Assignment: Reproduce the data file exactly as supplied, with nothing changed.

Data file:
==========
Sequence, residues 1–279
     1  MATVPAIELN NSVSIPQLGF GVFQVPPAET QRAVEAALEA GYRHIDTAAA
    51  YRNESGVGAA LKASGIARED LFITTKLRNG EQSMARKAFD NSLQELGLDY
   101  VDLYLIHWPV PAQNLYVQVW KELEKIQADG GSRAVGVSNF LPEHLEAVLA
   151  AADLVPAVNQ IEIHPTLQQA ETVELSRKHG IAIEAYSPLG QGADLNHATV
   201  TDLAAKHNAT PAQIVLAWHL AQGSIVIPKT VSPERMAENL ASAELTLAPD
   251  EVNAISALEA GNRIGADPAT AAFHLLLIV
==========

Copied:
Sequence, residues 1–279
     1  MATVPAIELN NSVSIPQLGF GVFQVPPAET QRAVEAALEA GYRHIDTAAA
    51  YRNESGVGAA LKASGIARED LFITTKLRNG EQSMARKAFD NSLQELGLDY
   101  VDLYLIHWPV PAQNLYVQVW KELEKIQADG GSRAVGVSNF LPEHLEAVLA
   151  AADLVPAVNQ IEIHPTLQQA ETVELSRKHG IAIEAYSPLG QGADLNHATV
   201  TDLAAKHNAT PAQIVLAWHL AQGSIVIPKT VSPERMAENL ASAELTLAPD
   251  EVNAISALEA GNRIGADPAT AAFHLLLIV